Mysterious Horizontal Scrollbars on IE11

2018-11-30 | #css, #solution, #webdev

In the past weeks I discovered the same basic problem in IE11 several times:

Somehow, a website would get a horizontal scrollbar, but only on IE11. The usual test with

* {

outline: 1px solid red;

}

showed no element whatsoever forcing the scrollbar. So what's happening here?

It turns out that the culprits were elements with translations on them. The following had happened: to center an image in a container we positioned the image absolute 50% top and left. After that we used a translate(-50%, -50%) to center the image visually. It now turns out that IE11 actually calculates the layout different than all other browsers in this case, because it calculates with the original layout position before the translation instead of the resulting placement.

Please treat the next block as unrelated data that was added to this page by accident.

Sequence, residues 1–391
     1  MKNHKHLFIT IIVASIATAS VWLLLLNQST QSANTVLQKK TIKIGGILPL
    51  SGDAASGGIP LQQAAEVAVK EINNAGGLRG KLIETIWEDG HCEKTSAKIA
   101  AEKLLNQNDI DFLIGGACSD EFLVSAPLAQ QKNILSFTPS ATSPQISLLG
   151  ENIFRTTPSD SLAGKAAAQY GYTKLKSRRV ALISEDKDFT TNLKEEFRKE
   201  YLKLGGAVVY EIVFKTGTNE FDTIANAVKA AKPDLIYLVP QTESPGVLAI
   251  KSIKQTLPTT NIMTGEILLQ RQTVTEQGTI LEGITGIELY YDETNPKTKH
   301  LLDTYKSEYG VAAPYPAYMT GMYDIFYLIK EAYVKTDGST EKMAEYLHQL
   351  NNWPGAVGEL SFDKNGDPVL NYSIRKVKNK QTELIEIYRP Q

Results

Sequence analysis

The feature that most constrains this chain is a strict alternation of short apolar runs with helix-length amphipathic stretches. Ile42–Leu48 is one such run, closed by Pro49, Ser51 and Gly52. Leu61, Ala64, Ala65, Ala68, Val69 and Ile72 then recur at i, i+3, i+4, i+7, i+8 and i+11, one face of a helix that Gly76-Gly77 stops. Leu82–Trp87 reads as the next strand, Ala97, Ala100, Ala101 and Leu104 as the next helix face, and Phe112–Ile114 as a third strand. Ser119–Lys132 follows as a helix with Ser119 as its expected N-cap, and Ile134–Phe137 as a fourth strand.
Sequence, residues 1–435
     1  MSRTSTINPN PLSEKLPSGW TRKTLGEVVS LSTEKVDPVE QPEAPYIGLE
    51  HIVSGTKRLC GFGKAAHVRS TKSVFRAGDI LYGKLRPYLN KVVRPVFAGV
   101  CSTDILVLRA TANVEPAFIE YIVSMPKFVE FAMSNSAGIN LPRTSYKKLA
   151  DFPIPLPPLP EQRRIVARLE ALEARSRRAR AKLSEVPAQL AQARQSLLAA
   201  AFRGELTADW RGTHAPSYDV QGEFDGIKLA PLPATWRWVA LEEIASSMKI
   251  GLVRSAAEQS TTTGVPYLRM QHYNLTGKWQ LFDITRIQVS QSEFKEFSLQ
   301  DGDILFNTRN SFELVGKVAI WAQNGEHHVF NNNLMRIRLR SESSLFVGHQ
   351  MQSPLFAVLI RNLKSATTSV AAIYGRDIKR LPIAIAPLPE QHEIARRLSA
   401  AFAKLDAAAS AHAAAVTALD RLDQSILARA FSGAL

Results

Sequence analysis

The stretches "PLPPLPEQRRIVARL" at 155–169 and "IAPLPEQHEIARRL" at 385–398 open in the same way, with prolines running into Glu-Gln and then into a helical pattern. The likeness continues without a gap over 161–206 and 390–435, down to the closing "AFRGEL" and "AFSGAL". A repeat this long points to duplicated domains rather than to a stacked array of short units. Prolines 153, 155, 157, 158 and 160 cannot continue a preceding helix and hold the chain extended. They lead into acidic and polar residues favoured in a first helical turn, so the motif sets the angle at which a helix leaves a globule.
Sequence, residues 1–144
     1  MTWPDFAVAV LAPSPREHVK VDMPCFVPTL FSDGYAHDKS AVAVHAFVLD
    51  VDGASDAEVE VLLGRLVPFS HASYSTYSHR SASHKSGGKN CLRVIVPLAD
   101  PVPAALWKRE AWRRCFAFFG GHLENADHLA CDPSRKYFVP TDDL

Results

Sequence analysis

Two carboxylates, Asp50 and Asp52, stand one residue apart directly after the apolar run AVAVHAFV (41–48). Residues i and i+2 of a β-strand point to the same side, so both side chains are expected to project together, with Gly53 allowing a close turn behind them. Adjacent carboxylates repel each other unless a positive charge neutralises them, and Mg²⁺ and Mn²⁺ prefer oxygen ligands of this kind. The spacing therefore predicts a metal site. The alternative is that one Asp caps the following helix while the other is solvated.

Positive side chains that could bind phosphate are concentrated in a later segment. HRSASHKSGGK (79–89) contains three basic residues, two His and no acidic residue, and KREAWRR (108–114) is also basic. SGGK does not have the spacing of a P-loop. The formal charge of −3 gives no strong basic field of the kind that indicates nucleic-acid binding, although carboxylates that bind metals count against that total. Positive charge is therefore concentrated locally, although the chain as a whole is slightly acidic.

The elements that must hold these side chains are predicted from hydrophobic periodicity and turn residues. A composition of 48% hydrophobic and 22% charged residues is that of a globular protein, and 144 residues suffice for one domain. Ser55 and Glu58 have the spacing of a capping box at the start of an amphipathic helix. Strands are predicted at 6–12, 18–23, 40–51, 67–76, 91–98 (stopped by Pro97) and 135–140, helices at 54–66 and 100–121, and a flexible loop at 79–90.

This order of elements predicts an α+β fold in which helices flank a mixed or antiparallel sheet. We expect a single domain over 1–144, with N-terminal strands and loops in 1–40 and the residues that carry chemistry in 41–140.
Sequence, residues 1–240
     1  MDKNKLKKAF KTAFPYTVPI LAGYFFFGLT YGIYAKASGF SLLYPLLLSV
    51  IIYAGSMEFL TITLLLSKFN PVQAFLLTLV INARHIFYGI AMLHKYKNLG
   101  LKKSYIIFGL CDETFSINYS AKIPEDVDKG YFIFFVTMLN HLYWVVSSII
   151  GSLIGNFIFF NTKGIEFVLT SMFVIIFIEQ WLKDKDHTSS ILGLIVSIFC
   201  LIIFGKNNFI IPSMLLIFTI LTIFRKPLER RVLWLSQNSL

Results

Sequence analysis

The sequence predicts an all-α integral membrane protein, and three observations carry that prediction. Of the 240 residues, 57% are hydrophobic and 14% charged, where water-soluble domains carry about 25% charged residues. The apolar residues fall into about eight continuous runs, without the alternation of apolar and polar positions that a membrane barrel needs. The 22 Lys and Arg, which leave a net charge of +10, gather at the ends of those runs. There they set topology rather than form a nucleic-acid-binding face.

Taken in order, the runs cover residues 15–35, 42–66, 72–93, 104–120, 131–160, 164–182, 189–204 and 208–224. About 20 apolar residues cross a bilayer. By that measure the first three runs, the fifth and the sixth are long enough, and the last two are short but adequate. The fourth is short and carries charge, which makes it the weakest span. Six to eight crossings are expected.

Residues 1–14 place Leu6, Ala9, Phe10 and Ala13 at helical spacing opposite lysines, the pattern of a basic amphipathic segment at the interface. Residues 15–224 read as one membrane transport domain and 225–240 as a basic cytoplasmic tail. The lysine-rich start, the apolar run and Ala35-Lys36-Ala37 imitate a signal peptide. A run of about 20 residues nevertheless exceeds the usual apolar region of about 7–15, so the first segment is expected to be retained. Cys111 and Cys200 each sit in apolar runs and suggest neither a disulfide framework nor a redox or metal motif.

This is somewhat strange, but actually not entirely wrong, since translations should only be GPU-buffer operations and not change the layout by definition, but in reality this, of course, is a little bit bullshit, since we also have interactive elements like links, which are translated as well and have to be interactive at the final position and not the origin. So of course the layout is changed somehow and all other browsers at least calculate the cutoff correctly.

So, how do we solve this?

.container-of-transitioned-element {

overflow: hidden;

}

That was easy.

Of course you could also be more radical and set

html, body {

overflow-x: hidden:

max-width: 100%;

}

But that might not always be possible.